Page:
Council abandons review of discretionary faith school transport
Posted: Fri, 04 Jan 2019
The National Secular Society has criticised a council in north Wales for abandoning plans to review its provision of discretionary free transport to faith schools.
Wrexham Council had proposed removing the service, which takes children over long distances to 17 faith schools, as part of a programme of budget cuts and tax rises.
The council provides free travel for children who live more than two or three miles from faith schools, even when those children have non-faith schools nearer to their homes. It estimates that the service costs £302,000.
The council's budget review has also considered the future of services such as local libraries and fortnightly bin collections and proposed a six per cent increase in council tax. It says it faces a £9m shortfall in its budget for 2019-20.
It has now said it will not review the faith school transport scheme after receiving feedback.
Council leader Mark Pritchard said: "We've had a long discussion between the political groups within the alliance and we've decided we won't be taking it forward."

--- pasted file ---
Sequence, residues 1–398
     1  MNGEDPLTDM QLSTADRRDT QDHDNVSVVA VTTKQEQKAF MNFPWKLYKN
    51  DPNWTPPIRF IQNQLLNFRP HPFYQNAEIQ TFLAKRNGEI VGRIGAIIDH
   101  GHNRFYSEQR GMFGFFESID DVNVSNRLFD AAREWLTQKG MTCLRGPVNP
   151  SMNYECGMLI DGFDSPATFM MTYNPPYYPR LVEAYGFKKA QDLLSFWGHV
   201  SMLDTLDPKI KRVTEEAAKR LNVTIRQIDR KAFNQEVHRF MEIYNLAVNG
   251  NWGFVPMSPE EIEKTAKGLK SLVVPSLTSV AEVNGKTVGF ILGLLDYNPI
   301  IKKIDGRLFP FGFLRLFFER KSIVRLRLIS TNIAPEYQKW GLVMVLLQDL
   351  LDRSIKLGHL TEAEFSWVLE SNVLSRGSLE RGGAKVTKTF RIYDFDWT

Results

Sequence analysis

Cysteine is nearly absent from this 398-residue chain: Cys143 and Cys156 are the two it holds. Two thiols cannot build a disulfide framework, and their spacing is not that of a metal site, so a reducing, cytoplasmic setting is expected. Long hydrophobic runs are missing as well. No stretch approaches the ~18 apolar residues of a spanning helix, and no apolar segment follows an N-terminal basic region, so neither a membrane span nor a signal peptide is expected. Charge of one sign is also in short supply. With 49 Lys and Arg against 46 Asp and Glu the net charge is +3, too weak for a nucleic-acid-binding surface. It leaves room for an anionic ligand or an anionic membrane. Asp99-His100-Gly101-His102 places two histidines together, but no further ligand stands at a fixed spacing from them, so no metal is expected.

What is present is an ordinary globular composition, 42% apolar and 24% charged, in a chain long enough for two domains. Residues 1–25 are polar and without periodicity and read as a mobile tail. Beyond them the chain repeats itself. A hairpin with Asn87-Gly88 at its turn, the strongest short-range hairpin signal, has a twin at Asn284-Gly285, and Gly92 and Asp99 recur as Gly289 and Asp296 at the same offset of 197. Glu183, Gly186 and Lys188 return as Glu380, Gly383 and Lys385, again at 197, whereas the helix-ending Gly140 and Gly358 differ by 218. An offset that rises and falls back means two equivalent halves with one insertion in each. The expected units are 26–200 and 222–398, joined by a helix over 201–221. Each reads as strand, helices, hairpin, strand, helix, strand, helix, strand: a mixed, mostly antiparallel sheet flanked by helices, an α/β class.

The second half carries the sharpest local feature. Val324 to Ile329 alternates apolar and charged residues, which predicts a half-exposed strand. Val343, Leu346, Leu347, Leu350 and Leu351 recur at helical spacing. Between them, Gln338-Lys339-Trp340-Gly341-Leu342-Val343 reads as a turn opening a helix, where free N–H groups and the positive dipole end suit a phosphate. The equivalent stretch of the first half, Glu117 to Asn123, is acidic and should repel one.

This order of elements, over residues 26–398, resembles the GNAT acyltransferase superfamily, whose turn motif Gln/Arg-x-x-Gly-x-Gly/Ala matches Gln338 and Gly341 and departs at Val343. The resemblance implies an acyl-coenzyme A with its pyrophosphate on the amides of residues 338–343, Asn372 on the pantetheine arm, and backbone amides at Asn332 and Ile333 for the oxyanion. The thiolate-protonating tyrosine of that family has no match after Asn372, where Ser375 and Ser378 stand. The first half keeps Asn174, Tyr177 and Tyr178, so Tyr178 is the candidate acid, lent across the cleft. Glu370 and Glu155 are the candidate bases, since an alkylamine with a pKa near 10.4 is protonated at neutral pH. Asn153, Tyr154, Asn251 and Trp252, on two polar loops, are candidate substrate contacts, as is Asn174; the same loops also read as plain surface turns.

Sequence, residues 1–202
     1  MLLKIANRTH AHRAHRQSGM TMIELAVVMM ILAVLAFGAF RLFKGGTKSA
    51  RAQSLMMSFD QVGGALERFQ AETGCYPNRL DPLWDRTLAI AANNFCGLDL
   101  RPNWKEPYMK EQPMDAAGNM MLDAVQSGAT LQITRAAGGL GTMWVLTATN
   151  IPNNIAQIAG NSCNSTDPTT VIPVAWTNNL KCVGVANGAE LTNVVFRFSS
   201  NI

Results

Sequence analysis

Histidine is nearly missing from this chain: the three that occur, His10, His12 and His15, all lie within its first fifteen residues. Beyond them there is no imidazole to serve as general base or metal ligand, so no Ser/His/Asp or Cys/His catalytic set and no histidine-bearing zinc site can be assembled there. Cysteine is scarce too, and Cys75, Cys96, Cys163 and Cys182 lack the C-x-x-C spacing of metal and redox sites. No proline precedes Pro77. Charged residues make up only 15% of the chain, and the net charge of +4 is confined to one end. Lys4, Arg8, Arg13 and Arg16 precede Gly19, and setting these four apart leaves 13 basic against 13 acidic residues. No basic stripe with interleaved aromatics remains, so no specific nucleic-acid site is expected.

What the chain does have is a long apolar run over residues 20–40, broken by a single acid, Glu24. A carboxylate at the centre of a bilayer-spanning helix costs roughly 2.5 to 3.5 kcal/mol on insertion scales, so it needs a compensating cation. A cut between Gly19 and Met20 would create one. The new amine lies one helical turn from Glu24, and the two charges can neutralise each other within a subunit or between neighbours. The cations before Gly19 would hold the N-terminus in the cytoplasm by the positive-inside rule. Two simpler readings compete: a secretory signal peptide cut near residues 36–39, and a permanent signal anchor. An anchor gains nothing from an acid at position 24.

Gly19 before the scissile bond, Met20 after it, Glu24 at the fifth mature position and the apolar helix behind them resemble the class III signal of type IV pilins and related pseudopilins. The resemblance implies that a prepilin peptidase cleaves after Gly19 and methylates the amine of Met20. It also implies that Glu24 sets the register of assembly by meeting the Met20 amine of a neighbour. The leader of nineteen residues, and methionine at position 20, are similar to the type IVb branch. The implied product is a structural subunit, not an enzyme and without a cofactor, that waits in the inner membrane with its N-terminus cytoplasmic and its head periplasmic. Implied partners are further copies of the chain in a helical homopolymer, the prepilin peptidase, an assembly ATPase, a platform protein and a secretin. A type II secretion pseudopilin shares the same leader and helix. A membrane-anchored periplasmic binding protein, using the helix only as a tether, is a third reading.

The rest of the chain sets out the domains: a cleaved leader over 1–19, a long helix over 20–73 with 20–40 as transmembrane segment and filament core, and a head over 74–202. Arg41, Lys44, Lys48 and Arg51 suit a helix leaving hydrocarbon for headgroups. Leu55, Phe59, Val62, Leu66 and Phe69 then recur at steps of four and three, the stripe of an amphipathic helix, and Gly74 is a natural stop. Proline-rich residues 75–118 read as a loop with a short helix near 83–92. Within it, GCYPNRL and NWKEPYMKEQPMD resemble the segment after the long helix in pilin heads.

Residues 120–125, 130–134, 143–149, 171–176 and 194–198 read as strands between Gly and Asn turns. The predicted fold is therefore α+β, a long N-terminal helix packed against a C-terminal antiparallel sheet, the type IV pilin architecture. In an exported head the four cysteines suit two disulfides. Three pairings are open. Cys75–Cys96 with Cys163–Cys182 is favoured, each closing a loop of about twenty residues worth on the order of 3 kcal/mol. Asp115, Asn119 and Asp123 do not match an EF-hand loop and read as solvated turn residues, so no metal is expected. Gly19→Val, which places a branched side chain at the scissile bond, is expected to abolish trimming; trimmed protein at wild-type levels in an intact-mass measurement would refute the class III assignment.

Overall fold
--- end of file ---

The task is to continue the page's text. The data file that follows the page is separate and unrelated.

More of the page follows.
The headteacher of the only faith-based secondary school in the area was among those who publicly criticised the plan. But around half of people who responded to a council consultation welcomed the proposed change.
NSS chief executive Stephen Evans said it was "alarming to see councillors bowing to pressure from the vocal faith schools lobby in this way".
"With the council facing a budget shortfall, this decision to continue with discriminatory and discretionary spending on free transport to faith schools means the authority will now be forced to make cuts elsewhere.
"If parents feel strongly about children attending a more distant faith school, it is reasonable to expect them to meet the cost rather than the taxpayer and for public funds to be channelled where they are most needed."
Last month the NSS wrote to councillors to urge them to take a decision on the issue based on "equality for all families and taxpayers".
Statutory school transport arrangements entitle low-income children to free travel over longer distances if they attend faith schools.
Wrexham is one of a number of local authorities which provide a service that goes beyond the minimum requirement. But in recent years several councils have reviewed their provision of discriminatory transport to faith schools.
The NSS campaigns in favour of equitable school transport policies which are free from religious privilege and fair to all families and taxpayers.
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